Reply
  8. Anne Robichaud

    Roseann, I never make the panelle, just eat them!…and watch my sister-in-law, Marilena and brother-in-law, Filippo, really working with lots of muscle the chickpea flour mixture into a firm mass..perhaps best to see it on Youtube to know how to make the panelle?

    Reply
  9. J. Kevin Crocker

    Yum!!!. Looking forward to my return. Anne, as usually you bring real Italy to life. I just love it.

    Reply
  10. Rosemary

    I will attest to the fact that this is the most scrumptious thing you have ever tasted! We experienced Pane Panelle Crocche at the Ballero Market in Palermo and it was truly to die for! My mouth is watering just reading your post!!

    Reply
  11. Dyanna

    This looks yummy! I love the food in Italy…the best in the world!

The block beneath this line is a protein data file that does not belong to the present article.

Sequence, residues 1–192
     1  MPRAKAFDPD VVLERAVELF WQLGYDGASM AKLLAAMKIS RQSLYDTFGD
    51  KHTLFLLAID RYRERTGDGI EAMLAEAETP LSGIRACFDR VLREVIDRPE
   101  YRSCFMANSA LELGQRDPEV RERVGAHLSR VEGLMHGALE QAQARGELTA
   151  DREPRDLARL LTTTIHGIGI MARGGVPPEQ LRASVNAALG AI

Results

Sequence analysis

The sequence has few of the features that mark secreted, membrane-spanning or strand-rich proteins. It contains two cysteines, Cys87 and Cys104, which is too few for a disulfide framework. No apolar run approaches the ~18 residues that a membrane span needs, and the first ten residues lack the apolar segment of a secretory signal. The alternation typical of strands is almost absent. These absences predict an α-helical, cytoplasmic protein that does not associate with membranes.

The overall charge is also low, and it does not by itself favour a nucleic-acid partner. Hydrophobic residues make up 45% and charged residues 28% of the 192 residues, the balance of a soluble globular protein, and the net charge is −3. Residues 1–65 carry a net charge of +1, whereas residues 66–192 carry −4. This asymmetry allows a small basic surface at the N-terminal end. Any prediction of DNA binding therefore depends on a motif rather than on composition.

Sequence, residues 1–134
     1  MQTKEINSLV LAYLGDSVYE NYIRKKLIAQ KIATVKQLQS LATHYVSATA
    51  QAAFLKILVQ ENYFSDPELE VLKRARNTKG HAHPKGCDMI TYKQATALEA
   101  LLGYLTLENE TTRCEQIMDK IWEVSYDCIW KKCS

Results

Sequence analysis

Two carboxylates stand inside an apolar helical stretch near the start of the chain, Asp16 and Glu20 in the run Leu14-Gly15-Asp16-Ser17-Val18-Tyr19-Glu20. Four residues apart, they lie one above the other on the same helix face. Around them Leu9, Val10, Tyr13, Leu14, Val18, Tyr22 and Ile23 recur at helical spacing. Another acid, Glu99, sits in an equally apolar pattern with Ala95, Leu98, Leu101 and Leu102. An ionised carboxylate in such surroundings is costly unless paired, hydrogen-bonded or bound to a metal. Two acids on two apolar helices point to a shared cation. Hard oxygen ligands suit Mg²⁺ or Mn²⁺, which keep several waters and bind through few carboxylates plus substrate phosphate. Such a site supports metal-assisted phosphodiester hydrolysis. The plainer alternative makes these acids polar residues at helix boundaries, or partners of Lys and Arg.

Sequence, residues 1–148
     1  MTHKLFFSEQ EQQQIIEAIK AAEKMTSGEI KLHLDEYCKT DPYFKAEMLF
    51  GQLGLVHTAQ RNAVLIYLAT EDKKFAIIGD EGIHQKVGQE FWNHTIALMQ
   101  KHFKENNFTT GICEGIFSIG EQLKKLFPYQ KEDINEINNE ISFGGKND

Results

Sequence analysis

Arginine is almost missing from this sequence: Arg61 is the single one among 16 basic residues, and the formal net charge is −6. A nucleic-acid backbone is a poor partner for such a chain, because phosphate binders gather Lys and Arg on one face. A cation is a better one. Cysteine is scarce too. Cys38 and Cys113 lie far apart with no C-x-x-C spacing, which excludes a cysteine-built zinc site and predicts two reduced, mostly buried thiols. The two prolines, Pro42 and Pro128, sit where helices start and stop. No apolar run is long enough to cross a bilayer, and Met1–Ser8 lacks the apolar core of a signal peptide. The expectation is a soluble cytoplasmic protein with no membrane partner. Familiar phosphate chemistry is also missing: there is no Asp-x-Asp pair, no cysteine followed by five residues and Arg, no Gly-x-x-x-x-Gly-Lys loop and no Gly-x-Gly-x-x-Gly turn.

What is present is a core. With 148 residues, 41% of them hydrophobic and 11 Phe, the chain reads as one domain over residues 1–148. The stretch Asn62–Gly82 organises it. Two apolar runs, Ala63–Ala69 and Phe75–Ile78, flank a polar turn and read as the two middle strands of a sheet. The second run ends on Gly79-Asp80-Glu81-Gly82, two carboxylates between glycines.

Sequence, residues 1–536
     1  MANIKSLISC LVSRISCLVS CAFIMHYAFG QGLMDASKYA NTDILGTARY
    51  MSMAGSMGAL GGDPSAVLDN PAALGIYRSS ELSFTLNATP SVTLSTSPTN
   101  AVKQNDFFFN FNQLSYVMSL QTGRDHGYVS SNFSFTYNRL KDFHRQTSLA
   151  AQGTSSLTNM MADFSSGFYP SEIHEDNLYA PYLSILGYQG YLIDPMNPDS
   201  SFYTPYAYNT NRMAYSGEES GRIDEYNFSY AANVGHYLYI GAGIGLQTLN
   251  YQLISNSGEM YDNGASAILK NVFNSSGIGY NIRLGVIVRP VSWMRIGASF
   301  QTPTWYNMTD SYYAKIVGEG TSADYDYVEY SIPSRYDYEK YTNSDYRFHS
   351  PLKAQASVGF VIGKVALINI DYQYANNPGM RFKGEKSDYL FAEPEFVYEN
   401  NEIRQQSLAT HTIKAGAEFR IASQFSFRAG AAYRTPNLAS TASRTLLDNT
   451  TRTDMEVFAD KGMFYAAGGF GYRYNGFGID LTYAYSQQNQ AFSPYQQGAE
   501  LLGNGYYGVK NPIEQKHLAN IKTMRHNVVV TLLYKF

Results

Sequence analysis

Reply
  12. CeciliaBelenardo

    We were there in October, we loved Palermo and want to go back again.Thanks for your great article.

    Reply
  13. Susan

    Want to tour Sicily in Oct. 2015.

    HI ANNIE
    Bud & I plan on touring Sicily in 2015 intheFall. Lead me to the good xconnections. What toue group should we go with? At one point you told me that we need 3 weeks to see the entire island. We hope to hear from you soonYour write outstanding stories and reviews of wonderful places. Looking firorward to your reply.
    Bay Forest ladies are still talking about your cooking class here.

    Reply